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From two veteran ecologists comes a new and sweeping exploration of the natural history of Texas in all its biological diversity and geological variation. Few states, if any, can match Texas for its myriad species, past and present, and its many distinctive landscapes, from prairie grasslands and hardwood forests to coastal lagoons and desert mountains.
Beginning with the stories of how biologists and naturalists have over time defined the ecological areas of this very big state, the authors visit each of the eleven regions, including the Texas coast. They describe the dominant flora and fauna of each, explain the defining geologic features, and highlight each region's unique characteristics, such as carnivorous plants in the Piney Woods and returning black bears in the Trans-Pecos.
Throughout, the authors remain especially conscious of the conservation and management issues affecting the natural resources of each region, revealing their deep affection for and knowledge about the state. Bolstered by a glossary, further reading suggestions, a description of state symbols, and an appendix of scientific names, this is an educational and essential volume for all Texans.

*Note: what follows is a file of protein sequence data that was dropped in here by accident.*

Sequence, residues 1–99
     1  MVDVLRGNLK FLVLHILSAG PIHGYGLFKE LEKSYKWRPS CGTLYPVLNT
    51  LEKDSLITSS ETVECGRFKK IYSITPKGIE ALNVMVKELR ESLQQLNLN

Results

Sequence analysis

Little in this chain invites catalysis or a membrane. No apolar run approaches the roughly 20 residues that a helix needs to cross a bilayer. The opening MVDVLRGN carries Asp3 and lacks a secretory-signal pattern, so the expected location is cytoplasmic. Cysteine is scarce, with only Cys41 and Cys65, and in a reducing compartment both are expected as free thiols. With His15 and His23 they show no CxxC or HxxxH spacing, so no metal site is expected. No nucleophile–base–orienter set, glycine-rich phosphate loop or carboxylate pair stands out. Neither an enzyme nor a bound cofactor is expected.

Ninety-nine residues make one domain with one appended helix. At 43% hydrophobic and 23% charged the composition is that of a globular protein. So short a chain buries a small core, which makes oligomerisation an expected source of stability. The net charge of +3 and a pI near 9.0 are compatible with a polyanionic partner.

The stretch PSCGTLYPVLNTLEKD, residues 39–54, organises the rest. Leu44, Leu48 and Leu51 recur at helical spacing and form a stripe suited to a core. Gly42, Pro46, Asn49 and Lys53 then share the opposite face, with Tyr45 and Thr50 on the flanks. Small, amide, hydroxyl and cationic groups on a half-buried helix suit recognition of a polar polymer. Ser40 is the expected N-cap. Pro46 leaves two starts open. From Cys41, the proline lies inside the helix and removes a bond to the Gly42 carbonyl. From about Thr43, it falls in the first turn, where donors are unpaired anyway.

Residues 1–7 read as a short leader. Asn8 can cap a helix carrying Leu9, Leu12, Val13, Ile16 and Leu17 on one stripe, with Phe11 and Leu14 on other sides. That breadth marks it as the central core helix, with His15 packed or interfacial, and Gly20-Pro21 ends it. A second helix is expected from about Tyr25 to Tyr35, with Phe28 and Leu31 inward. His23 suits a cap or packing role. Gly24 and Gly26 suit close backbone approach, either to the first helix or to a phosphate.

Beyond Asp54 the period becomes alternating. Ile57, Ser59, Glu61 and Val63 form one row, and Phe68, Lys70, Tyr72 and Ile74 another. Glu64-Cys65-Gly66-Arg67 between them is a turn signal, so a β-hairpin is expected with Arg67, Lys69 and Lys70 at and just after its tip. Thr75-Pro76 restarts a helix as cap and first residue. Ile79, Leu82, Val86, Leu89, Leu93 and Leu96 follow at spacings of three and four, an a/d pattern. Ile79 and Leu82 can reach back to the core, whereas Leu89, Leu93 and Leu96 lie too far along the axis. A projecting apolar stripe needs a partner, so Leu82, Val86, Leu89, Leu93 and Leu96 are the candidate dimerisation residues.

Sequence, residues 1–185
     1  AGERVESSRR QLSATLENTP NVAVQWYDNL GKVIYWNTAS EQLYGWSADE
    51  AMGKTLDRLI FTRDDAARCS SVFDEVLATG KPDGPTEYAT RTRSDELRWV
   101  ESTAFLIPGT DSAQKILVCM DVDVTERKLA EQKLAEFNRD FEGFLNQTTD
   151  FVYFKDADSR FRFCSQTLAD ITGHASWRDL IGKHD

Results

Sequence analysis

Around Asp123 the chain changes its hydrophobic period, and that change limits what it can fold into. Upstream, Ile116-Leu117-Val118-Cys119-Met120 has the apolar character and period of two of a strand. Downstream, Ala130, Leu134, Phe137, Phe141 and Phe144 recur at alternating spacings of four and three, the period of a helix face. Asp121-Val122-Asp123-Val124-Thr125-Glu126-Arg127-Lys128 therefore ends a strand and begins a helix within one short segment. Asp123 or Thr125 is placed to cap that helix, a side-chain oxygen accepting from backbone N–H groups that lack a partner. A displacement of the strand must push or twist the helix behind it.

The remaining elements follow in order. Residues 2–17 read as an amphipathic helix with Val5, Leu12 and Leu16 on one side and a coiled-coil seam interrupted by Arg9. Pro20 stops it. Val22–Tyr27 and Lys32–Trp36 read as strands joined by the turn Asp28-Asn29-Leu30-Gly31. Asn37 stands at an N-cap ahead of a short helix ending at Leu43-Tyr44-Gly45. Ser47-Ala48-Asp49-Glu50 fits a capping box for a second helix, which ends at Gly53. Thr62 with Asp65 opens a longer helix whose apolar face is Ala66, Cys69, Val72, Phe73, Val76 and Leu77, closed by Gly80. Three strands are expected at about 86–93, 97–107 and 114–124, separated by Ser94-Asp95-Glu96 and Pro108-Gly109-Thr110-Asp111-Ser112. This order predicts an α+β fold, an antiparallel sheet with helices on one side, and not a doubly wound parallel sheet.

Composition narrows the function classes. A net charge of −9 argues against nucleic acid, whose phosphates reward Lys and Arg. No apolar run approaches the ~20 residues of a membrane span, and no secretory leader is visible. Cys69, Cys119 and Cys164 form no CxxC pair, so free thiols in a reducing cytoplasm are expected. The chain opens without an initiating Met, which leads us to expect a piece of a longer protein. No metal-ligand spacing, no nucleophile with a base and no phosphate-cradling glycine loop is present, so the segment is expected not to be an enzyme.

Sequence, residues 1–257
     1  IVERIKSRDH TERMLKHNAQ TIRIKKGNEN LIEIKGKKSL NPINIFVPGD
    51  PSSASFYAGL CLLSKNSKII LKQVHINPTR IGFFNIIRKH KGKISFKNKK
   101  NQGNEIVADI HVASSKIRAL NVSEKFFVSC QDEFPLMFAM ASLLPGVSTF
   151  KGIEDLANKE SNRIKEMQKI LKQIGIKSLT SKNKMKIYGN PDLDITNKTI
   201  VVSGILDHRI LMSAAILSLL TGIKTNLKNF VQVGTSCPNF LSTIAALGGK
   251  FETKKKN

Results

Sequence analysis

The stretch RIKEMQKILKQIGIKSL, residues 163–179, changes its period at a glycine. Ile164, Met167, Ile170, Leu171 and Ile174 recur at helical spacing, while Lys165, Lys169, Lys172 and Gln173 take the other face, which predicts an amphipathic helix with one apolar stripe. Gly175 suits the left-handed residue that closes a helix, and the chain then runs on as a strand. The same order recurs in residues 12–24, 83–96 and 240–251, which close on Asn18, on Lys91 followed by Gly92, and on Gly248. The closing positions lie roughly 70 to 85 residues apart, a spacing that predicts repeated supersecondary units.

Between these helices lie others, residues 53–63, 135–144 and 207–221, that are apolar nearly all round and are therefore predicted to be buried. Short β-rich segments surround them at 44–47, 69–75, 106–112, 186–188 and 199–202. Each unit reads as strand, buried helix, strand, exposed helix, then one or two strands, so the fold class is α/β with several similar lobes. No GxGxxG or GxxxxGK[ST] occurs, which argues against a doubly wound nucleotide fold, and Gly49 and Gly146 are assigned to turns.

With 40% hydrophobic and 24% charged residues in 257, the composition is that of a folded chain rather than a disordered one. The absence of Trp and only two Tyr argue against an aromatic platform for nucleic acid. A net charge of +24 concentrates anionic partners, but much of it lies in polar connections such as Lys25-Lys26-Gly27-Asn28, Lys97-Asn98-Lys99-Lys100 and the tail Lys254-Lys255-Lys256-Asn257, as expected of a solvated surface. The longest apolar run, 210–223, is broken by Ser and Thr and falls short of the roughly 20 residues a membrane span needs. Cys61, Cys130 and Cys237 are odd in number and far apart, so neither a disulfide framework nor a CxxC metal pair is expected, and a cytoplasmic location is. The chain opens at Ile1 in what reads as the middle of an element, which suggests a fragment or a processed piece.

- Piney Woods
- Post Oak Savanna
- Blackland Prairies
- Cross Timbers and Prairies
- Rolling Plains
- Edwards Plateau
- High Plains
- South Texas Brushland
- Coastal Prairies
- Texas Gulf Coast
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Brian R. Chapman is senior research scientist at the Texas Research Institute for Environmental Sciences at Sam Houston State University. He is the coauthor of Ecology of North America.
Eric G. Bolen is a respected wildlife biologist and has edited or coauthored books on wildlife biology and ecology, including Ecology of North America and Wildlife Ecology and Management.
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